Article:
I’m running a new series of guest posts throughout 2015: Fetish Friday. Don’t get all sweaty in the pants—I’m going back to an older definition of the word, and asking artists to show us something that helps them with the ritual of creation, some part of their surroundings—physical or mental—that eases the path into the creative state, whether it be a location, a piece of music, person, picture, a doohickey, whatnot, curio or ornament without which the creative process would be a whole lot more difficult.
I don’t think anything of a material nature gets me writing – no music, no pictures, no objects or artefacts, nothing like that. But I can’t work out what’s going to happen in a story until the character starts talking to me. 

I’ve got a plot kinda sorta stewing at the moment. It’s actually been asked for by Omnibus – a historical set very very early – bronze age. Dyan Blacklock sent me a newspaper article on a burial in Sussex from about 2200 BCE, and thought it might inspire something. The man had died apparently from a sword-cut. He had been buried with a very rare, very beautiful bronze dagger, so he was an aristocrat. But the illustration didn’t say anything much to me. I researched the date – and whaddaya know, 2200 BCE is pretty much on track for the last major building phase at Stonehenge. They raised the five big central trilithons about then. Thing is, those stones weight about 25-30 tonnes apiece, and they moved them mostly overland about 24 miles to the site. Nobody knows exactly how, but it woulld have taken a huge number of bodies, for that time and place.

It was that that got me thinking. I think maybe my character will be the bloke responsible. This would have to be someone who could enforce a peace in a very warlike age, but he couldn’t be simply a warlord. He had to organise a workforce of six to eight thousand, which means about twenty times that number of farmers to feed it. Given crop yields and population density then, we’re looking at most of central and southern England being directed to a single purpose. Huge.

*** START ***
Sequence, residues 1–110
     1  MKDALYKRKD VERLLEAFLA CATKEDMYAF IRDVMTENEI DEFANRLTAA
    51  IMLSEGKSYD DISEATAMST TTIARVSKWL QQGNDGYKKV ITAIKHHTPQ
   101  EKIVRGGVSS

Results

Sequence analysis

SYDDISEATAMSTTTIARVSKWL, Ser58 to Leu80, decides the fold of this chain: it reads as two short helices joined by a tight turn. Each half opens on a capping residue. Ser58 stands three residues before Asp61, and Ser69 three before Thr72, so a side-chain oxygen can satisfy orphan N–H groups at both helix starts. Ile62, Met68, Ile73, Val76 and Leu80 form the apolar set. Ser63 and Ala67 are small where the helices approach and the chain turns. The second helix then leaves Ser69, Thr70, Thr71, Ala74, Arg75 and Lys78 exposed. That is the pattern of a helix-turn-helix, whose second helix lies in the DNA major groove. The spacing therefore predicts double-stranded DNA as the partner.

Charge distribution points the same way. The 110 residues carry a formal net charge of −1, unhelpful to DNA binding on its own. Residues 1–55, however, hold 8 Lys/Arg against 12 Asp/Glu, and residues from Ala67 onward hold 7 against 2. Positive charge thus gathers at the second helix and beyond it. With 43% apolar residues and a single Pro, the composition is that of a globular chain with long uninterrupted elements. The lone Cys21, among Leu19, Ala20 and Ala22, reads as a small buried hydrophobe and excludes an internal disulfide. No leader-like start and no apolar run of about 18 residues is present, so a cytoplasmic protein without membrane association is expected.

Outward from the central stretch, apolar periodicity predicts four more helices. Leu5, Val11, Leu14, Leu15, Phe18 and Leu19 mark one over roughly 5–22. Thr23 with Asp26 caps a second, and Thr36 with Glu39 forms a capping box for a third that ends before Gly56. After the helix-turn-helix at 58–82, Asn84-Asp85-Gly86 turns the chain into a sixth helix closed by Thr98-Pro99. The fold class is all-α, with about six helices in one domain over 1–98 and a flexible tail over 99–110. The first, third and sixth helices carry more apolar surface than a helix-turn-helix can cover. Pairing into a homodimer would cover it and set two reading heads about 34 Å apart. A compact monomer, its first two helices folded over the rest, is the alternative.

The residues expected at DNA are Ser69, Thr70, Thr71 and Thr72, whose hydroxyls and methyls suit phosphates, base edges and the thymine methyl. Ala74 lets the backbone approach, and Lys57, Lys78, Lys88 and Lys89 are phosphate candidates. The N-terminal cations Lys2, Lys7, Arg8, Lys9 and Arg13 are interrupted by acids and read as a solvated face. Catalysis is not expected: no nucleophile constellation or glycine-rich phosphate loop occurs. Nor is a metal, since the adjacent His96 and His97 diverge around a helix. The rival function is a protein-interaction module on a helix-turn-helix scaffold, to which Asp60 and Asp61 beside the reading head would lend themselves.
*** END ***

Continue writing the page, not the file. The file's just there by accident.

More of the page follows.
So I think I know what the character will be – a warrior who becomes a builder. But he hasn’t said a word to me yet. I have no idea what he’s like – his voice, his speech patterns, his word choice. That will lead on to posture, gestures, behaviours, thought. But until I can actually hear him speak, I don’t know what these will be. And here’s the thing. Without those, I don’t know what will happen to him, because I don’t know how other people will behave to him.

So it’s that voice that is my fetish, if you want to call it that. I suspect that he might sound upper-class, for those times – for there certainly was a class system. I suspect that causes conflict – but I don’t know how. He isn’t talking to me yet. I can’t write a word until he does – if he ever does.

We’ll see, I suppose.

Sometimes it happens straight away. More often not. Sometimes it’s inconvenient. I’ve actually had the experience of a character walking up behind me, tapping me on the shoulder, and the following conversation ensued:

“I’m not going to do that,” she said.

“It’s in the plot.”

“Don’t be silly. I wouldn’t do that.”

“What? You have to do it. It doesn’t work, otherwise.”

“It doesn’t work, as is.”

“Now, look here. You’re just a figment of my imagination. You do what I tell you to do.”

“Get lost, boofhead. You’d never have made a writer, anyway.”

So I noodled around for another way. It took me a week, but she eventually approved an alternative, and it led to a different plot twist, and it worked better that way, anyway.

So. The character has to talk to me. That’s my fetish.


Dave didn’t have an author pic to share, so here are a few novel covers to give you an idea of the range of which the man is capable. Dave was first published in 1994, won two Aurealises in 1997 and 1998, got on the Premier’s Award list three times, and has published twenty-two novels, ephemera and trivia and a couple dozen short stories. 
Are you a creative artist? Fancy joining in and letting us know about that special item, object, location or cosmic state of being at the heart of your creative process? There’s always room for another lunatic in the asylum: email me and make your most excited Horshack noise.